Rogue Scholar Posts

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Published in Sauropod Vertebra Picture of the Week
Author Matt Wedel

Today sees the publication of a special issue of Acta Palaeontologica Polonica in honor of my mentor, Rich Cifelli, who took me under his wing when I was in high school and advised me in my undergraduate and Master’s thesis research. Fellow Cifelli lab alums and guest editors Brian Davis and Brooke Haiar and I were fortunate to get a great set of papers from Rich’s friends and colleagues around the globe.

Published in Sauropod Vertebra Picture of the Week
Author Matt Wedel

On today’s episode of the I Know Dino postcast, Garret interviews Brian and me about our new Brachiosaurus bones and how we got them out of the field. You should listen to the whole thing, but we’re on from 10:10 to 48:15. Here’s the link, go have fun. Many thanks to the I Know Dino crew for their interest, and to Garret for being such a patient and accommodating host.

Published in Sauropod Vertebra Picture of the Week
Author Matt Wedel

If you’re thinking that it’s about time to look at some sauropod vertebrae from the Salt Wash member of the Morrison Formation, well, you’re gol-durned right, pardner. Let’s ride. Here’s a vertebra sticking out of the rock. For once it’s not in cross-section. We’re simply looking at the posterior surface of a dorsal vertebra and bits of its associated ribs.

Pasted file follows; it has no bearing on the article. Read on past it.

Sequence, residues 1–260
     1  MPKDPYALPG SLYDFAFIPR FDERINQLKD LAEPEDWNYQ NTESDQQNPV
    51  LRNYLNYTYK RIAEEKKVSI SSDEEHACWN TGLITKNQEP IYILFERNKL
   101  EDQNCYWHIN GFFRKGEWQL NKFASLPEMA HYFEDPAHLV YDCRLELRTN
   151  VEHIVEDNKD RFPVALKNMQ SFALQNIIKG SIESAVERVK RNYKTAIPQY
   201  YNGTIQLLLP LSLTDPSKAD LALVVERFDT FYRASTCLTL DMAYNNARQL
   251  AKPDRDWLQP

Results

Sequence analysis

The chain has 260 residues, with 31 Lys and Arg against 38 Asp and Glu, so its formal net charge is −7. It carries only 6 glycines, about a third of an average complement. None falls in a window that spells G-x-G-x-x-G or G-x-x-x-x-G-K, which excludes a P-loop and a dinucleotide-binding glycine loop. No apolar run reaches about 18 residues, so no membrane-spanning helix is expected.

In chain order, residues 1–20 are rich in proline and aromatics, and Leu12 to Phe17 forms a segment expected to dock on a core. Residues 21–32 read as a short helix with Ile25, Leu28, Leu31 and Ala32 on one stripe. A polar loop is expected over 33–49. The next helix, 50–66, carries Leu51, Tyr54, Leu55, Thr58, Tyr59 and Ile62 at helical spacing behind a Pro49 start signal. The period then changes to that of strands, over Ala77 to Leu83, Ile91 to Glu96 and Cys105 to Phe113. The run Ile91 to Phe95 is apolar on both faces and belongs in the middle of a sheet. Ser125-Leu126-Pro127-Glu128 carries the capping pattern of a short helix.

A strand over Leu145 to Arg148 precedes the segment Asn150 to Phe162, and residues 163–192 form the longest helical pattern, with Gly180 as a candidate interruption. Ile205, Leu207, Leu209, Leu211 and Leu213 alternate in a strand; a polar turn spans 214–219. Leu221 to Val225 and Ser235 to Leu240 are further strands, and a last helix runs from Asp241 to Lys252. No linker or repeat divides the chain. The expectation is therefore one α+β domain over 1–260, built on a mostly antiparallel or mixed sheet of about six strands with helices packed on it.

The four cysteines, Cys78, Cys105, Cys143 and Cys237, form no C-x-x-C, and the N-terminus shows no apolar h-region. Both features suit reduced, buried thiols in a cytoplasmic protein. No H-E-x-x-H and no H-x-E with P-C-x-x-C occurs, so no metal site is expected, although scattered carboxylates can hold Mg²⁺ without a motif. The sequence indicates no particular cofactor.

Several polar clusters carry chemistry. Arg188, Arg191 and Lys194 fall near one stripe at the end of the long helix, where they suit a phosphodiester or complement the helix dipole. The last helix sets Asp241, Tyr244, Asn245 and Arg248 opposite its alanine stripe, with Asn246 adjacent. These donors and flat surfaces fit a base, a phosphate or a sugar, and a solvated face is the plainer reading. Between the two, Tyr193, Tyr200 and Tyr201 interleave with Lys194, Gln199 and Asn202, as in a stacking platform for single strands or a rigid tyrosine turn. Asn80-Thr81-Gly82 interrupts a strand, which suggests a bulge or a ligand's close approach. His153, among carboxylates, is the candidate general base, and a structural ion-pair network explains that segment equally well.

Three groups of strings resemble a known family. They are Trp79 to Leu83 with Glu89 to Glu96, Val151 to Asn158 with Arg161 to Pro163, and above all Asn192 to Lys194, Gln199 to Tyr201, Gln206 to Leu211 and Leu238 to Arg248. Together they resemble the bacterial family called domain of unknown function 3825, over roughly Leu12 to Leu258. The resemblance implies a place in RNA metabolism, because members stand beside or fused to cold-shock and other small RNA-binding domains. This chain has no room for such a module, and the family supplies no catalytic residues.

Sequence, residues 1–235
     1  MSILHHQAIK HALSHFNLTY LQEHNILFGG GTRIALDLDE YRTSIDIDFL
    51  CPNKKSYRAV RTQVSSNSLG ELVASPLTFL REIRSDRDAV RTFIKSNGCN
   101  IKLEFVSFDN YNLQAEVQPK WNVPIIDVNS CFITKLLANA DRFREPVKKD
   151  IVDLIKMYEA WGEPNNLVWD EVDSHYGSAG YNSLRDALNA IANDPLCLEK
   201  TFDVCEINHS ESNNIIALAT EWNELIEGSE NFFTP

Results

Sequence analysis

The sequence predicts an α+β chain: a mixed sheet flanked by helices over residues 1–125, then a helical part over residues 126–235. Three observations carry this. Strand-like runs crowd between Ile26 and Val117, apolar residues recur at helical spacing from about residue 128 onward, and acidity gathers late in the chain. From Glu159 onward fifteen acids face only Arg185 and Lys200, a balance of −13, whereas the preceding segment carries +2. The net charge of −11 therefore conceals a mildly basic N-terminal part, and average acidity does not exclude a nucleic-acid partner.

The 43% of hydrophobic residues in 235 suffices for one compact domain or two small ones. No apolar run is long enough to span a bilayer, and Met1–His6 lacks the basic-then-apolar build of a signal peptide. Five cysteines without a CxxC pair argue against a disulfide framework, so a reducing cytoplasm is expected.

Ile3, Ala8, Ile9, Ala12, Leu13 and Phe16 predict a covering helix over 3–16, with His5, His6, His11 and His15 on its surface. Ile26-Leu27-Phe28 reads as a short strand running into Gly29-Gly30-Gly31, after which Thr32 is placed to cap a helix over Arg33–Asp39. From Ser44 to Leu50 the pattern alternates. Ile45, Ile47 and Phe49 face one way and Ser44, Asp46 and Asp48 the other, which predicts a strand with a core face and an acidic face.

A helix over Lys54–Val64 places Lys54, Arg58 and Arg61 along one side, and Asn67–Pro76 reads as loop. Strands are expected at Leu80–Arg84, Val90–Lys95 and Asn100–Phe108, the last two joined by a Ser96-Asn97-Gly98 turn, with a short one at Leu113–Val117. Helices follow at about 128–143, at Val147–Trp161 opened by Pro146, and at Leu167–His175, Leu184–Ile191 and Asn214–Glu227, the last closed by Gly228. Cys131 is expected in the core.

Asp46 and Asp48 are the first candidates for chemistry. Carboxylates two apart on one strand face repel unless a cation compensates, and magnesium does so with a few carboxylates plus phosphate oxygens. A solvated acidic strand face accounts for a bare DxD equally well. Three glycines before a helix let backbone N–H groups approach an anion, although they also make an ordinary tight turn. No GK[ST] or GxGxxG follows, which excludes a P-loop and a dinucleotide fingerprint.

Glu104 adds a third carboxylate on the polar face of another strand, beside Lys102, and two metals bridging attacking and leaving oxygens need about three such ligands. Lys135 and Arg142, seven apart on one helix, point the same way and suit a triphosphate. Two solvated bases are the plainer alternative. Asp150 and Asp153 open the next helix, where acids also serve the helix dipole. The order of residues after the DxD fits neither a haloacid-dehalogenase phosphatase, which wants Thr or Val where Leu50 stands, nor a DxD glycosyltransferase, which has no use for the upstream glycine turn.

Published in Sauropod Vertebra Picture of the Week
Author Matt Wedel

It’s been a bit since my last update. That’s how things go on the road. We got in some time for exploration and a little prospecting. We also had to close the quarry. Anne Weil, whose dig London and I were out there to assist on, brought a speaker on the last day and played us out with a hydration song while we shut everything down for another year.

Published in Sauropod Vertebra Picture of the Week
Author Matt Wedel

Clouds over Black Mesa. Baby spadefoot toad, with my index finger for scale. Someone was here before us. Even though Black Mesa is best known for its Morrison exposures and giant Jurassic dinosaurs, there are Triassic rocks here, too, which have produced both body fossils and tracks, including these. Seen but not photographed today: a group of pronghorn by the side of the road, with two babies;

Published in Sauropod Vertebra Picture of the Week
Author Mike Taylor

As Matt recently noted, we both have a ton of photos from various expeditions that we’ve never got around to posting — not to mention a ton of specimens that we’ve seen but never got around to working on. Here is one of the most exciting: As you can see, this is a massive cervical vertebra from a sauropod, probably a brachiosaurid, eroding right out of the ground.